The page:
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The Kahal Kadosh Beth Elohim Synagogue, a famous icon just off of Market Street, has a fitting place among Charleston's long list of historical churches and buildings as the county's second oldest Synagogue, and the oldest Synagogue that remains in continuous use. The Grecian structure, one of the many hallmarks of Charleston's blossoming 19th century architectural era, is more than enough to grab a passer-by's attention, but the astounding details within, including an ornate domed ceiling and walls of tastefully appointed windows, will surely take anyone's breath away.
Still home to a vibrant, inclusive and caring congregation that holds regular services and stays connected to the Charleston community, the Kahal Kadosh Beth Elohim Synagogue is a perfect representation of how diversity and an inherent sense of historical pride have had an integral role in transforming Charleston into the legendary vacation destination it is today.
The congregation of Kahal Kadosh Beth Elohim, which means the "Holy Congregation House of God," was originally established in colonial-era Charleston in 1749. Founded primarily by Charleston Sephardic immigrants of Spanish and Portuguese descent, by the end of the century, the congregation had an astounding 500 members, making it the largest Jewish community in the country.
The stately synagogue which currently stands on Hasell Street, (pronounced "Hazel Street" by locals), was built to accommodate this blossoming community, and was constructed under the watchful eye of New York architect Cyrus L. Warner, and David Lopez, an esteemed local builder and member of the congregation. This new structure replaced the original synagogue, which was destroyed by the Charleston fire of 1838, and was a gorgeous example of the Greek Revival style which was exceptionally popular at the time, and can be easily spotted in a number of Charleston's mid-19th century landmarks, (like the City Market Hall located just a couple blocks away.)
The form, portico and rich ornamentation of the historic Kahal Kadosh Beth Elohim Synagogue are all derived from the design of classic Greek Temples and present a stunning facade, with six towering columns standing at the entrance, and an ornate interior that's protected by a perfectly crafted dome ceiling overhead.
Shortly after the historic Kahal Kadosh Beth Elohim Synagogue was complete, the congregation made waves in history yet again by embracing Reform Judaism, and the first service held in the new temple coincided with this new transition, and reflected this ideology.
This transition was not an overnight occurrence, as the Reform Movement began in Germany in the 1810s, and gradually spread throughout central Europe and to the American coastline. The major changes included choral singing, music generally provided by an organ, and the use of German (or the country's native language) instead of Hebrew for prayers and sermons, and in 1824, nearly 50 members of the Beth Elohim congregation petitioned the synagogue's trustees to embrace the reform, and conduct the Hebrew rituals, sermons and prayers in English.
This initial request was denied, and the congregation effectively split over the issue, with 200 members supporting the new Reform Movement by 1933. This splintered off section of the original church was the congregation that held the first revolutionary service in the new temple, and effectively became the first American congregation to follow the Reform movement that had originated in Europe.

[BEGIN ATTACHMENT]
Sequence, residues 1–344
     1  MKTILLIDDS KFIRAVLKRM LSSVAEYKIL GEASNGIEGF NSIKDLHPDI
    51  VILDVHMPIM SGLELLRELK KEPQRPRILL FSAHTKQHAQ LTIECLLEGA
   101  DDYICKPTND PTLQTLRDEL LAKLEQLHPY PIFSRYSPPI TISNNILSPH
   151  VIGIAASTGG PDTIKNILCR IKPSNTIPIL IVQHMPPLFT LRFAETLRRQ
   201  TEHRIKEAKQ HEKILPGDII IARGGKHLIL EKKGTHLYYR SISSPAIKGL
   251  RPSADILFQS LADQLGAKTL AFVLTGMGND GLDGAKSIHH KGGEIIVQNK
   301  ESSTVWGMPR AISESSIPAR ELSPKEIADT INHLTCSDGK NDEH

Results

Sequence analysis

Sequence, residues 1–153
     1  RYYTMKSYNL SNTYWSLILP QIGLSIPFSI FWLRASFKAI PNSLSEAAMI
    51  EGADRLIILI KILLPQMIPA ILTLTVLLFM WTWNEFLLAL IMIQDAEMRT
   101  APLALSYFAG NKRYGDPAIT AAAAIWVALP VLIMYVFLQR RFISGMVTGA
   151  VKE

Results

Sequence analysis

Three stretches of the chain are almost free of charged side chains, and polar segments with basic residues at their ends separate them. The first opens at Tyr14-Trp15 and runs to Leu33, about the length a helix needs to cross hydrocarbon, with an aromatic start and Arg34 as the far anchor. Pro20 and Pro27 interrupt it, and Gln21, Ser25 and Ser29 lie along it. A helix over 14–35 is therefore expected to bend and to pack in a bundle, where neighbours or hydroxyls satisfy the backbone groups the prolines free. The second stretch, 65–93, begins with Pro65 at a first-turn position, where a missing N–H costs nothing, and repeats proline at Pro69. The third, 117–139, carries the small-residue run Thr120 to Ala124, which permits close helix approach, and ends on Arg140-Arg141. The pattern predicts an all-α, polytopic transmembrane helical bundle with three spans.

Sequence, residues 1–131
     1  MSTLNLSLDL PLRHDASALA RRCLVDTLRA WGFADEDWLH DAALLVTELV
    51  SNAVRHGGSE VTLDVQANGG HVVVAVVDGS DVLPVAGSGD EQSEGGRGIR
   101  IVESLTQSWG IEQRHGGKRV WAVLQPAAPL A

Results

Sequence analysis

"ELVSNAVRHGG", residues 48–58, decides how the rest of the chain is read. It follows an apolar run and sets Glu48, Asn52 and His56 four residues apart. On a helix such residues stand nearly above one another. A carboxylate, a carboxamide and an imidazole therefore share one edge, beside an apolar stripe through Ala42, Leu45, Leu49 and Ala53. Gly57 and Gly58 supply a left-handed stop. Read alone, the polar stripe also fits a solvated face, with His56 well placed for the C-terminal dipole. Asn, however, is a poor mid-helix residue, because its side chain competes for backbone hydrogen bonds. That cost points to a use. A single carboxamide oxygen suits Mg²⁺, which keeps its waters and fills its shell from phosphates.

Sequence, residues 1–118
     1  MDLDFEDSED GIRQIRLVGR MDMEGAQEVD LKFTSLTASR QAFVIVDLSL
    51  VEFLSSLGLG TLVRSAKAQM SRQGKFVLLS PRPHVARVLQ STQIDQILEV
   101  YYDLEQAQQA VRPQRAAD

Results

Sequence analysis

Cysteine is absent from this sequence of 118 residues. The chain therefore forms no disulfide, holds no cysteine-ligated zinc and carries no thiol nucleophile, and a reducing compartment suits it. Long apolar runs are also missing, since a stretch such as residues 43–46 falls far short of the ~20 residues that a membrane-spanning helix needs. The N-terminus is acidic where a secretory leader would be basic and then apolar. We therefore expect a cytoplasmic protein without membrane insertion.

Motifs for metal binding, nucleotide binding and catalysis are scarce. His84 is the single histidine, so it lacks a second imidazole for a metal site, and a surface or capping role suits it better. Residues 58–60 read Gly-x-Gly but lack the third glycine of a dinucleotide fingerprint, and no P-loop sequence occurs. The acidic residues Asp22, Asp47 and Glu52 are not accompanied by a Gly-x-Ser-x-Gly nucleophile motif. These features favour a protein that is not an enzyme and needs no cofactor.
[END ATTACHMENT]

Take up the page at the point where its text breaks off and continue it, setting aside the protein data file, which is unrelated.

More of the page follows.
Today, the Synagogue still serves Charleston's Reform Judaism community, with an active membership that has been meeting at the Kahal Kadosh Beth Elohim Synagogue for generations. Regular Friday evening Shabbat service begins at 8:00 p.m., and the first Friday of every month is marked with a Congregational dinner at 5:30 p.m. (advanced reservations are required) followed by a Family Shabbat Service held at 7:00 p.m. In addition, a number of studies and community events are held throughout the year, aimed at young and adult congregants alike. A complete list of upcoming events can be found at the Kahal Kadosh Beth Elohim Synagogue's website at http://www.kkbe.org/.
The synagogue is also home to a small museum which contains treasured artifacts pertinent to the legendary history of the congregation, such as a personal letter written to the Kahal Kadosh Beth Elohim parishioners by President George Washington himself. In addition, the Synagogue is located just 10 blocks away from the temple's Coming Street Cemetery, which holds the honor of being the oldest Jewish burial ground in the Southern United States.
Kahal Kadosh Beth Elohim Synagogue is open for tours to the public year-round, Monday through Friday, from 10:00 a.m. until 12:00 p.m. A gift shop is also located on site, and remains open until 4:00 p.m. to the public. Visitors who want more information on visiting the site, or booking a special event including a wedding, Bar/Bat Mitzvah, or Brit Ceremonies can call the temple directly at 843-723-1090.
A remarkable site along Charleston's historic district, and a history-making landmark for both its deep rooted congregation and the country in general, the Kahal Kadosh Beth Elohim Synagogue is a treasure in this South Carolina city.
Distinctive for its Grecian temple in addition to its legacy as one of the oldest Jewish congregations in the United States, the Kahal Kadosh Beth Elohim Synagogue is a must see for any visitor who wants to soak up all of the historical "firsts" in all faiths that Charleston is known for, and experience this impressive legacy firsthand, both inside and out.